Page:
A proposed settlement agreement stemming from a 2012 data breach of over 6 million LinkedIn users’ passwords recently received preliminary approval. The settlement would conclude a class action brought against LinkedIn alleging that it violated California consumer protection statutes and breached its contract with class action members by failing to use “industry standard protocols and technologies” to protect user information as promised in LinkedIn’s privacy policy.

The proposed settlement provides for monetary relief to class members, as well as a prospective obligation for LinkedIn to employ salting and hashing, or an equivalent or greater form of protection for LinkedIn user passwords for at least five years following the settlement date. A fairness hearing is scheduled for June 18, 2015, to determine whether the settlement will receive formal approval and whether attorneys’ fees will be awarded.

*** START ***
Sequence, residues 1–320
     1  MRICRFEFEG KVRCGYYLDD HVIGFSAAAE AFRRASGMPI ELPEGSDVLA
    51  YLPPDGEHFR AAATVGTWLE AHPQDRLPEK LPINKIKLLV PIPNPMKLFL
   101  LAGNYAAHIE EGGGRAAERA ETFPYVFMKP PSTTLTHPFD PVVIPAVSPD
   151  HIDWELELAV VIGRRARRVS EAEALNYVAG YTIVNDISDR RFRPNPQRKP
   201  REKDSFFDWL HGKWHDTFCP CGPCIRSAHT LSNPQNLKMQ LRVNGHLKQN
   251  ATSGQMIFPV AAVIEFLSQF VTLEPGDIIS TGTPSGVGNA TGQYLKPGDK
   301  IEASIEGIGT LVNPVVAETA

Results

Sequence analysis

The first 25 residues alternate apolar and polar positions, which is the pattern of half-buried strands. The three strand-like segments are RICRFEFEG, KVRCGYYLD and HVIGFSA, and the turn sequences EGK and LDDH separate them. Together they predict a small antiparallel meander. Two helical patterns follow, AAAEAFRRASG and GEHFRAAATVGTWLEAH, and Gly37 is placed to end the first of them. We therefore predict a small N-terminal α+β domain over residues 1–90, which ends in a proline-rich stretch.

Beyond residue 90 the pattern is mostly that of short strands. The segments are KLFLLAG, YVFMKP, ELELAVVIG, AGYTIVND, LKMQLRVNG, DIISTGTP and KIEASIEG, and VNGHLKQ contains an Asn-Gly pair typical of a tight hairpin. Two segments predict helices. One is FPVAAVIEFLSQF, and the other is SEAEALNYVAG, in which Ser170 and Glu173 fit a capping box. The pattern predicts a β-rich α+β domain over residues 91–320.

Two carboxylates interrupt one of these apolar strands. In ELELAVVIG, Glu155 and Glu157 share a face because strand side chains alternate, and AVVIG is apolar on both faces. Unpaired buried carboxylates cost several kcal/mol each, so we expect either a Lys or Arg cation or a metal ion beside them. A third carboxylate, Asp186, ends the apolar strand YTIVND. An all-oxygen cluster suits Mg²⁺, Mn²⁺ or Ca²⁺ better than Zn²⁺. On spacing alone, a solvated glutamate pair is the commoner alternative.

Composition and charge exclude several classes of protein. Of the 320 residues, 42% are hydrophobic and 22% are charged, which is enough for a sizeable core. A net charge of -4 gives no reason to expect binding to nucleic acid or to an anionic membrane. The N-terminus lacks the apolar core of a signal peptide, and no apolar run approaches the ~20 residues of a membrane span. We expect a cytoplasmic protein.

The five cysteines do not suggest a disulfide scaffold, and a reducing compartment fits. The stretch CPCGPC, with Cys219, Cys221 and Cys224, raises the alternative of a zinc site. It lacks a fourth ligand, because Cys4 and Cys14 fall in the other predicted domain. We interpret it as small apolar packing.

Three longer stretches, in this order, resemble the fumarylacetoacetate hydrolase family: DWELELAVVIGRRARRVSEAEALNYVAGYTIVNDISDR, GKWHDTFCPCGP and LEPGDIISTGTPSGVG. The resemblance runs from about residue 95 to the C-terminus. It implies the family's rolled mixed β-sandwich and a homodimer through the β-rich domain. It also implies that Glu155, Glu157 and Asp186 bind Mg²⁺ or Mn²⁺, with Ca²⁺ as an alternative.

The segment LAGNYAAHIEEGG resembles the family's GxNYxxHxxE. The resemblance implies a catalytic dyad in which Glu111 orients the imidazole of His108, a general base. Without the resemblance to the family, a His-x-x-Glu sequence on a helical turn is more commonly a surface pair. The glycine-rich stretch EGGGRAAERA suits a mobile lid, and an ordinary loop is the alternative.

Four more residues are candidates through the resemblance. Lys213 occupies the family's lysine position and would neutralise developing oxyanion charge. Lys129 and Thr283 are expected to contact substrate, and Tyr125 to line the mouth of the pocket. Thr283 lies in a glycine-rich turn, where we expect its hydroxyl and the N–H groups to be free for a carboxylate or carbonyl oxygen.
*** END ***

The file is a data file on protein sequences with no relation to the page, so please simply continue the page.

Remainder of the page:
TIP: This settlement is a reminder that after a breach, the class action bar will look at a company’s security measures to determine if the company had appropriate provisions in place to protect consumer information. Companies should ensure that they have reviewed and analyzed their security measures, and have looked at their risks for potential suits alleging violations of consumers’ privacy rights.